In a recently released report titled, “Measuring Blockchain Decentralization,” ConsenSys’ research team ran through the metrics they used in analyzing Ethereum’s on and off-chain data to answer a specific question: Is Ethereum actually getting more decentralized over time?
The analysis began by determining which elements of Ethereum’s architecture most significantly impacted its decentralization. The report noted a steady increase in the number of addresses on the Ethereum network, with growth in active addresses flattening after the bubble of Q4, 2017. According to ConsenSys, this might suggest that fewer people are using the network post-bubble.
The report also noted, “a fairly steady linear increase in non-zero addresses quarter-over-quarter with no major bumps, even during dramatic price fluctuations.” ConsenSys said that though this is not conclusive evidence, it could point to more individual actors on the network, which is good news for the decentralization of Ethereum.
“The growing delta between the non-zero addresses and total addresses is increasingly made up by smart contract addresses. This evolution may indicate that the network is still being used as a means of direct peer-to-peer transaction and dapp interaction, but is also increasingly being used for smart contract functionality. Overall, this would indicate that Ethereum has been supporting more diverse, and thus more decentralized, types of on-chain business logic over time.”
The report also talked about how the ‘Decentralized’ in DeFi rests on the assumption that the protocols, DApps, and the logic they are being built on are, themselves, decentralized. ConsenSys’ data also indicated that DeFi adoption is rising, with its newest wave having introduced a host of new protocols.
“It is not enough just to claim that any financial tool on a blockchain is decentralized.”
The report claimed that more options for people to execute decentralized finance mean fewer central points of failure for the ecosystem and, from a decentralization perspective, this means the ecosystem is generally moving towards a greater number of active use cases, DApps, and smart contracts.
ETH ownership was also shown to have become increasingly dispersed among addresses. While this does not necessarily prove that there are more unique individuals participating on the network, ConsenSys stated that this could suggest the crypto-bubble was not overwhelmingly followed by whales and holders buying back crypto at all-time lows.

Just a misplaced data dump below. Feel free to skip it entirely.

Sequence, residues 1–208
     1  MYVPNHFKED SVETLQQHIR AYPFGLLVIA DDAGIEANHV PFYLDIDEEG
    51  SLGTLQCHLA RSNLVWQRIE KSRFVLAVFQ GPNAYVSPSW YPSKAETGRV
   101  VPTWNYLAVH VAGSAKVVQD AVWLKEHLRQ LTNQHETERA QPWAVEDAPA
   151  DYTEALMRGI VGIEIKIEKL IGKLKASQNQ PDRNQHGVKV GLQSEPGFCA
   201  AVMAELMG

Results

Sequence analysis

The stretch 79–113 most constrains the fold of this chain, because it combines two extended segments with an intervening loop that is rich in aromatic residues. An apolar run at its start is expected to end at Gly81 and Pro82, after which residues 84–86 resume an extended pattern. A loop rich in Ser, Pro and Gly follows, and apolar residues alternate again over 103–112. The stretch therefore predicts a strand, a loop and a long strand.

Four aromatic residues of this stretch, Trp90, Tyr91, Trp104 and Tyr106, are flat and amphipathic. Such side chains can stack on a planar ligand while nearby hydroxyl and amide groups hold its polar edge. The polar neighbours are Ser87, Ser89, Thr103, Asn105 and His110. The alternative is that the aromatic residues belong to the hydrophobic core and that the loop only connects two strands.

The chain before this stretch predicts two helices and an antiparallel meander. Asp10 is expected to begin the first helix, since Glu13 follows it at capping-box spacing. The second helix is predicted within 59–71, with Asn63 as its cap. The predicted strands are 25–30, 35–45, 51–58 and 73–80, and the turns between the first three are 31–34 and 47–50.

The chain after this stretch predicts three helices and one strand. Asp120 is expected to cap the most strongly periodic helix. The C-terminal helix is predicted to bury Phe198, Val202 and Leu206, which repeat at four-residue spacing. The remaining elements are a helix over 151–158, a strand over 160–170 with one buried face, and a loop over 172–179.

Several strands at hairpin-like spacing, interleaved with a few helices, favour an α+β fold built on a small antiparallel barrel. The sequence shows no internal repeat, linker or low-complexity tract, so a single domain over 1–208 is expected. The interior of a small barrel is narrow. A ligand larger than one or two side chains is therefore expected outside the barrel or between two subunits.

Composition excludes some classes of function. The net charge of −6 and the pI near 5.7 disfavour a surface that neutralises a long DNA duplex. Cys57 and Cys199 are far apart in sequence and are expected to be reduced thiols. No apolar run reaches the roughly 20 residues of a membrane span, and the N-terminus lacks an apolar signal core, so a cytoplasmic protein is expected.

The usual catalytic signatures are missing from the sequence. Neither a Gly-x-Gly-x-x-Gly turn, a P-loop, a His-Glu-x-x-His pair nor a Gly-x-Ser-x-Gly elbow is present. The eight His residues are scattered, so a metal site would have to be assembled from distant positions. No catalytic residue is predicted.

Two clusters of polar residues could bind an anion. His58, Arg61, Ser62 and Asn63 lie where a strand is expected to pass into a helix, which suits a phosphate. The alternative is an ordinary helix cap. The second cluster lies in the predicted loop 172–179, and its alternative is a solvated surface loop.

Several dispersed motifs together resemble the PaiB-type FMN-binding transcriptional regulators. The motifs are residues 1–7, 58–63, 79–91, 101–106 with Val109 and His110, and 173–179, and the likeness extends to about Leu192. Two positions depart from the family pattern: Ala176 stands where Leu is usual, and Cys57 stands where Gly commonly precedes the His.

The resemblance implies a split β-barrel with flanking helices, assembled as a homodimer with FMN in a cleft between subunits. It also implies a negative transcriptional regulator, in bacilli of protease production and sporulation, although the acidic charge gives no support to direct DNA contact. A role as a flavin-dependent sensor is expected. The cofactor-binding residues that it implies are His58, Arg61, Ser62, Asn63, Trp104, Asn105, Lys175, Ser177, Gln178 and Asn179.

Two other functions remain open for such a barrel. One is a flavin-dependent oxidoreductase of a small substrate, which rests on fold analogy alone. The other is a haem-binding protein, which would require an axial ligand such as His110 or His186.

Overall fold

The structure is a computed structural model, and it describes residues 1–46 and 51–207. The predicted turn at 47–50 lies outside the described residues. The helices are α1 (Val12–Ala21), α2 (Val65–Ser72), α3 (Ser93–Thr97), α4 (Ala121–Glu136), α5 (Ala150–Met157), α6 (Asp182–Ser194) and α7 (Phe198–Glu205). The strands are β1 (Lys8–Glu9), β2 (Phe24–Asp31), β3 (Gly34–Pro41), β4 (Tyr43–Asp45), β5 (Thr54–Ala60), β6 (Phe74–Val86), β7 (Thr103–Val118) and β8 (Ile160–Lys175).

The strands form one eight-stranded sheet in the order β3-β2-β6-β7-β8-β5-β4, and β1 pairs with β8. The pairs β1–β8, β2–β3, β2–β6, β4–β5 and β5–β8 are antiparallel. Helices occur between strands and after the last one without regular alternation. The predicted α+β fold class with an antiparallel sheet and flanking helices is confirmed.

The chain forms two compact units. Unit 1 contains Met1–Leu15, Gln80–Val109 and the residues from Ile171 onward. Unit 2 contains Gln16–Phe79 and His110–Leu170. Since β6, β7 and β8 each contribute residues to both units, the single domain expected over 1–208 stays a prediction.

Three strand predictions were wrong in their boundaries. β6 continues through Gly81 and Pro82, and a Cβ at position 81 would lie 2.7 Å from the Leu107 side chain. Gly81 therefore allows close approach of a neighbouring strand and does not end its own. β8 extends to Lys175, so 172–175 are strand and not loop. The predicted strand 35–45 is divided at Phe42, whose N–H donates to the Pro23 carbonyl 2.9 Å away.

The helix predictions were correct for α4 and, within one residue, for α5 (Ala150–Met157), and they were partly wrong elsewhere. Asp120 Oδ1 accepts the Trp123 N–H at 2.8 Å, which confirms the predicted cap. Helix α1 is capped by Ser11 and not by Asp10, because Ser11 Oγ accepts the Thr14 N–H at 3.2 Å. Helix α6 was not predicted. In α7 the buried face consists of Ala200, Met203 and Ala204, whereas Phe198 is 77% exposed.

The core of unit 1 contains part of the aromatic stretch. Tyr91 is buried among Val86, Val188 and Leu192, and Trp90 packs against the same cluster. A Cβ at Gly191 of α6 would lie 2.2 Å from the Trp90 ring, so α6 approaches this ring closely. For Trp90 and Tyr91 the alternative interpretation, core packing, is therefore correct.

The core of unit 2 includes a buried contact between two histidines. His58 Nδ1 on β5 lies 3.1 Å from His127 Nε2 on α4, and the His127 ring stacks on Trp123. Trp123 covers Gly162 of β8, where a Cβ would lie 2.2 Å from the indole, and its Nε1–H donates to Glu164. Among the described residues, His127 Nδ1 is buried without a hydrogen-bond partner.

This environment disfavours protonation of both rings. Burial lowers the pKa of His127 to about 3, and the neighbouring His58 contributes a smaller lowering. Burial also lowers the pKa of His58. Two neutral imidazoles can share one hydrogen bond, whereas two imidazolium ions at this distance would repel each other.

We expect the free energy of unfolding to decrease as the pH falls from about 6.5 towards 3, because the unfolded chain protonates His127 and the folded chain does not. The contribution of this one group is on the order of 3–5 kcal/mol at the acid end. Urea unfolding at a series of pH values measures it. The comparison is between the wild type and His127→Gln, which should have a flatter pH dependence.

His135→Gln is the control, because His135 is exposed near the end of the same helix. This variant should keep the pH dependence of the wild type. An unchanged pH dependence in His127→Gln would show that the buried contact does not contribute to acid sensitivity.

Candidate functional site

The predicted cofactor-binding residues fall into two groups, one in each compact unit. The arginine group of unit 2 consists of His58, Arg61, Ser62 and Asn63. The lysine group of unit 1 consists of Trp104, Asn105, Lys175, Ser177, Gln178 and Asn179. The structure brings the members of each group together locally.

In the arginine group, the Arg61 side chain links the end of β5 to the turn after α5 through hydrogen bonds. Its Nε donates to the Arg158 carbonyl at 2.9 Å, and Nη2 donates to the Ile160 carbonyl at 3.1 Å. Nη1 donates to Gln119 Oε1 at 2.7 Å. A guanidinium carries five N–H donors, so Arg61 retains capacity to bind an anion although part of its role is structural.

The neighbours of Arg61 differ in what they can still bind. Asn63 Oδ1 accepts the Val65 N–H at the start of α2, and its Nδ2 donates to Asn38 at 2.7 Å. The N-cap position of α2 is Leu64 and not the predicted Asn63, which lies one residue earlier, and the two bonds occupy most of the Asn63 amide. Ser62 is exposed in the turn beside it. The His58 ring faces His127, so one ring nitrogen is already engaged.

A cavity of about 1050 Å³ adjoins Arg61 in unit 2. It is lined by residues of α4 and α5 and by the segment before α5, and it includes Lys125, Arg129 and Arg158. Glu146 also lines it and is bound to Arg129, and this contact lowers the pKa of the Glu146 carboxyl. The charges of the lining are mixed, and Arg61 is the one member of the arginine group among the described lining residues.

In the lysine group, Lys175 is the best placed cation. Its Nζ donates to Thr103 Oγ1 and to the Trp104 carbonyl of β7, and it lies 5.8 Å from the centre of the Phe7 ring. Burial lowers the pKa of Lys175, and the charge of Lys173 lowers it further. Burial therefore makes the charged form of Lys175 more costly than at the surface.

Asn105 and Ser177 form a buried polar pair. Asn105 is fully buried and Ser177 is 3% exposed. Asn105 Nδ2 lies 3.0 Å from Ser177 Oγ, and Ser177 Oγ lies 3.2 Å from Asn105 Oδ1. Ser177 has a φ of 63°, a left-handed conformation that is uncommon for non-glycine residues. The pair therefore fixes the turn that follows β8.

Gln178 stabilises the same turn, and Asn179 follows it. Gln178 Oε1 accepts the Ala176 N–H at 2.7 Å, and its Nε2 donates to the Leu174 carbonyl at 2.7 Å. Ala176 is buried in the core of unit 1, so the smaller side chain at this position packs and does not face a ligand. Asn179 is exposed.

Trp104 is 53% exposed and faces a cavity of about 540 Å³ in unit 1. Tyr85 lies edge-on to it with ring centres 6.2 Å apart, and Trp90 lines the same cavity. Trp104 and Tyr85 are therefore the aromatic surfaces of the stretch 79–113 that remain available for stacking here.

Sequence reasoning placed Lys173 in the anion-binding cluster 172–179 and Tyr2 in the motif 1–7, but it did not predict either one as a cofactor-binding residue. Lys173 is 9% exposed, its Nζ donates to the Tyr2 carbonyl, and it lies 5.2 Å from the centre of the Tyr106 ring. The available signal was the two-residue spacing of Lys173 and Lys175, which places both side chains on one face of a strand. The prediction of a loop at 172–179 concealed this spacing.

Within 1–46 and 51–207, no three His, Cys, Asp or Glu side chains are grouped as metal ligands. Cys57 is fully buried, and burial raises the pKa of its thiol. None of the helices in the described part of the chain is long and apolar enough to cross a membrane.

“We see the number of non-zero addresses increasing and the concentration of the top 10 and 100 decreasing alongside each other over time. The negatively correlated numbers could suggest more new people began accumulating ETH at a steady rate after the bubble burst, which, alongside growing ETH circulation, has reduced the percent concentration of whale holders.”
The report also noted how the circulating value of ETH was increasing, alongside token diversity and market share, suggesting users are using more ERC-20 tokens overall.
“The growth in both ETH-value and diversity of ERC-20 tokens in the past few quarters is due to people diversifying their activity on the network. This means that the network is steadily decentralizing along this metric.”
An interesting observation made in the report was that over time, four mining pools have started dominating the landscape, collectively accounting for over 72% of quarterly block production and payout to over 83% of all miners. The report said that mining pools are an increasing area of centralization, and that lower ETH prices, reduced block rewards, and a fairly stagnant hashrate have incentivized fewer miners to join the network.
“In particular, the data shows a potentially concerning dominance in block production between Ethermine and Sparkpool, which today account for just under 50% of the blocks produced per quarter. Together, Ethermine and Nanopool pay out to nearly 70% of the miners on-chain.”
According to ConsenSys, the Ethereum network’s switch to a proof-of-stake consensus mechanism will redefine this area of centralization, and concluded that function call diversity, DeFi growth, and token distribution indicate an increase in overall Ethereum decentralization. The report also stated that the increasing complexity of layers and activity on the network will make measuring decentralization harder in the future.
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